Remember that the most critical part of your cell is its instruction manual–the genome. Ensuring that the instructions remain intact is paramount to your cell in stationary phase. To do this, all cells have proteins (RecA in bacteria, RadA in archaea, and Rad51 in eukaryotes) that repair DNA damage caused by reactive oxygen species, UV (or other) radiation, heat, or other sources. RecA (and related) proteins form complexes with the DNA they protect. These ordered arrays can become quite extensive in stationary phase cells, like this Helicobacter pylori.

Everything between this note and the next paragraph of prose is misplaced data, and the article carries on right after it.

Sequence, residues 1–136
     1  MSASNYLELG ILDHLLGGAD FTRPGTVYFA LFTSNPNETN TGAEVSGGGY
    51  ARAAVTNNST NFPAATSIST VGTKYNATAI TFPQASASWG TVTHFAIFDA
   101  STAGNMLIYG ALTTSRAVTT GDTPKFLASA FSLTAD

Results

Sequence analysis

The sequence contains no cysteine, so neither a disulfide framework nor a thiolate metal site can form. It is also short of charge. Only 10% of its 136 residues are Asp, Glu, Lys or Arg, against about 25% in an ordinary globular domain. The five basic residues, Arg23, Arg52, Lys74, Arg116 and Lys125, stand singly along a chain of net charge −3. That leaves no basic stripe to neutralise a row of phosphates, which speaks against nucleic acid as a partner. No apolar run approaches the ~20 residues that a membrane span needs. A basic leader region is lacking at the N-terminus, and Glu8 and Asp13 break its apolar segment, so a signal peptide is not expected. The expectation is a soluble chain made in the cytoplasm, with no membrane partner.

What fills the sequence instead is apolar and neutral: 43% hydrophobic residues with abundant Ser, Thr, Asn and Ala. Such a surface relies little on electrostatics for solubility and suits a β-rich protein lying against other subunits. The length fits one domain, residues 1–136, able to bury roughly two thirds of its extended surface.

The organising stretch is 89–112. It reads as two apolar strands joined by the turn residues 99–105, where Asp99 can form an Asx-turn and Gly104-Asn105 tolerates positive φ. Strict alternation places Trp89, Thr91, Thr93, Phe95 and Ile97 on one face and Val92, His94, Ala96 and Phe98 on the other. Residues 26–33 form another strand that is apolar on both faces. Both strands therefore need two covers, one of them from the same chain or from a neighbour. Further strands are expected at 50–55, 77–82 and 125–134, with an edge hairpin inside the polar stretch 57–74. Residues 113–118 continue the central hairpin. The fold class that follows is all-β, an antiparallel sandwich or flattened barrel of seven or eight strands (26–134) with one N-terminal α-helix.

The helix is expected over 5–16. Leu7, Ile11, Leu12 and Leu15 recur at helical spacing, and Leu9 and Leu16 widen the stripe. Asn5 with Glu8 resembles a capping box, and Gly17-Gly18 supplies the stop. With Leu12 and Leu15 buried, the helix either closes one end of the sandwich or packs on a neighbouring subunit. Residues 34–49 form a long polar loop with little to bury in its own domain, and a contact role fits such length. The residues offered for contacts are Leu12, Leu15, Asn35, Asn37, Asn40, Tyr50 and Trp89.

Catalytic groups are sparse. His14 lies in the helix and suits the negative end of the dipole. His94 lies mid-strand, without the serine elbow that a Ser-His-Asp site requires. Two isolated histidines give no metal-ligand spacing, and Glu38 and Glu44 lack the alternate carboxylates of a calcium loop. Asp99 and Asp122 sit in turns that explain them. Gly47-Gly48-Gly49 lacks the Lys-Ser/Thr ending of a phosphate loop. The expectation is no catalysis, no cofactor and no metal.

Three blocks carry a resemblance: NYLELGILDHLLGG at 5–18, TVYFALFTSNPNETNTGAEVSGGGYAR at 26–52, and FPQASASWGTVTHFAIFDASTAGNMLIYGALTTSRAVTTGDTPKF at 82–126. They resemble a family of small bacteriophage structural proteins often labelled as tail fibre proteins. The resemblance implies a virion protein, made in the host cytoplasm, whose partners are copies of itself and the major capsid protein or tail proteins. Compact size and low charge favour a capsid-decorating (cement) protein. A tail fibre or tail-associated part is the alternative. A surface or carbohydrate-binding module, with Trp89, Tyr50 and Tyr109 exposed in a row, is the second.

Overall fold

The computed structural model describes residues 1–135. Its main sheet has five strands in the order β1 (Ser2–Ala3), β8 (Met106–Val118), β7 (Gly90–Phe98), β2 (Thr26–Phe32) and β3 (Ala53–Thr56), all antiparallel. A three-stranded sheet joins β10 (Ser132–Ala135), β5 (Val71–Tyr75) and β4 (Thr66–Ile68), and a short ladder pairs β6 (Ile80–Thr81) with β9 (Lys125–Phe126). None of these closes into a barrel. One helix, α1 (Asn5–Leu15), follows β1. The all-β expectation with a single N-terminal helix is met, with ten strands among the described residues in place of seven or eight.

This cell exhibits other hallmarks of stationary phase: its shrinking membranes have produced vesicles and it has shed its flagella. It has not yet (at least fully) digested its chemosensory array. Note also the relatively weak association of the outer membrane on this pathogenic diderm, allowing the cell to curl up inside.